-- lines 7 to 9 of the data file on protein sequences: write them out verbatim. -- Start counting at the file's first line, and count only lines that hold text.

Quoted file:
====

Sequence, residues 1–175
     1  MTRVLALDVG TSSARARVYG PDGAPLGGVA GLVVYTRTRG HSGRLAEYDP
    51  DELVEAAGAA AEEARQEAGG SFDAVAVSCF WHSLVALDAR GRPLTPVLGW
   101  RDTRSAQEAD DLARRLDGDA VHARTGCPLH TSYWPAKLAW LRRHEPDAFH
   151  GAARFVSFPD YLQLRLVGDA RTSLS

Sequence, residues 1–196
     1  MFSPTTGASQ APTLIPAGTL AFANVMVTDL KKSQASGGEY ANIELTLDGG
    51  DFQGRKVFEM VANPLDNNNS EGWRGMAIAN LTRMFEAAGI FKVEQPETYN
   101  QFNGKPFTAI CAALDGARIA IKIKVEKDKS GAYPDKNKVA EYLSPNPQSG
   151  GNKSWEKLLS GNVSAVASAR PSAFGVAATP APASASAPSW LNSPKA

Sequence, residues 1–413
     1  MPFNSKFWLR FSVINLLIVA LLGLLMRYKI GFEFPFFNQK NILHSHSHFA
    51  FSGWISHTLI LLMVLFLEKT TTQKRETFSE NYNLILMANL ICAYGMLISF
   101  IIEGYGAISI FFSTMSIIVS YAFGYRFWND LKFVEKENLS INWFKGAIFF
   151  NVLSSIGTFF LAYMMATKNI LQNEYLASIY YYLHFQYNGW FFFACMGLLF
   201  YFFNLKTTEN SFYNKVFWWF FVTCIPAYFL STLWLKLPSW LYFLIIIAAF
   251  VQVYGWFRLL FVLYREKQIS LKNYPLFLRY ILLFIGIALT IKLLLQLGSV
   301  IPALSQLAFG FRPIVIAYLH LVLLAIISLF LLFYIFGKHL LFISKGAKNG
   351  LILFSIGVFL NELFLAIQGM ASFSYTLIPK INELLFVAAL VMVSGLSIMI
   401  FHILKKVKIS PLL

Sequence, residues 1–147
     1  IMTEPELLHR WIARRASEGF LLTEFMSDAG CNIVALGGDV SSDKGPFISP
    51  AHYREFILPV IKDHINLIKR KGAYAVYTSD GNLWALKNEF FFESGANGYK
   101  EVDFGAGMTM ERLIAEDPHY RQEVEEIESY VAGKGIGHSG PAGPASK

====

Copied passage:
     1  MFSPTTGASQ APTLIPAGTL AFANVMVTDL KKSQASGGEY ANIELTLDGG
    51  DFQGRKVFEM VANPLDNNNS EGWRGMAIAN LTRMFEAAGI FKVEQPETYN
   101  QFNGKPFTAI CAALDGARIA IKIKVEKDKS GAYPDKNKVA EYLSPNPQSG